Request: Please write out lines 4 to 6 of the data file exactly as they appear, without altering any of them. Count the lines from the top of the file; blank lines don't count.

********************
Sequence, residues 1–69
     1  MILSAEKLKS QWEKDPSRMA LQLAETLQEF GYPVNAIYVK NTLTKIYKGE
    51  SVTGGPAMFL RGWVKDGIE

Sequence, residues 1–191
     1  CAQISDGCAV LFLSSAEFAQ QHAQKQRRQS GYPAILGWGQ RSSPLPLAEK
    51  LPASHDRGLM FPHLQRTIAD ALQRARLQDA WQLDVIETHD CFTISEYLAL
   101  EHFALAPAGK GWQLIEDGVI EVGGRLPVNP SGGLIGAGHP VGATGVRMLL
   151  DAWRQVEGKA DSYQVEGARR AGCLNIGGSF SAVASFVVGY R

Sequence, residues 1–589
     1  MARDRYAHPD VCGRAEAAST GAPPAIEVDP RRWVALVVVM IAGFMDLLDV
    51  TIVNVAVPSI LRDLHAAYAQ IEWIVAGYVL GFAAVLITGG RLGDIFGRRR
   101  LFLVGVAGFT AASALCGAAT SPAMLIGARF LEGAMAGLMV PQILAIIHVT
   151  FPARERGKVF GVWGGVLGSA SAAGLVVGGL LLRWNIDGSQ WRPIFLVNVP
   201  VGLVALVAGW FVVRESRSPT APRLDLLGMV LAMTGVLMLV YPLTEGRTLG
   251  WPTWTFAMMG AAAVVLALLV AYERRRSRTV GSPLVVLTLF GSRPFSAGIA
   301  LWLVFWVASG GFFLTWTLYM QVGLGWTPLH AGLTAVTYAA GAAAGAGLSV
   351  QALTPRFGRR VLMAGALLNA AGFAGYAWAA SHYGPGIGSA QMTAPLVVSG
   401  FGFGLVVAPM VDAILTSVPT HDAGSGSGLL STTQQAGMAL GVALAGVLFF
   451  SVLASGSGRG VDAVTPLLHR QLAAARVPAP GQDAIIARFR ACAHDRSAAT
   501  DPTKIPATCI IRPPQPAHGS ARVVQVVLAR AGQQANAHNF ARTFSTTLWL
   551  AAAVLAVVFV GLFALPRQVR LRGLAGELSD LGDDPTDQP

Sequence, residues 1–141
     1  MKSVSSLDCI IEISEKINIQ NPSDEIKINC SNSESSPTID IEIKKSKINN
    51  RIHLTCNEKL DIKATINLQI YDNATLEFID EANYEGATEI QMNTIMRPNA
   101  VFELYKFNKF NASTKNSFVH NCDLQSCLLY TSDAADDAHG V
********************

Sequence, residues 1–191
     1  CAQISDGCAV LFLSSAEFAQ QHAQKQRRQS GYPAILGWGQ RSSPLPLAEK
    51  LPASHDRGLM FPHLQRTIAD ALQRARLQDA WQLDVIETHD CFTISEYLAL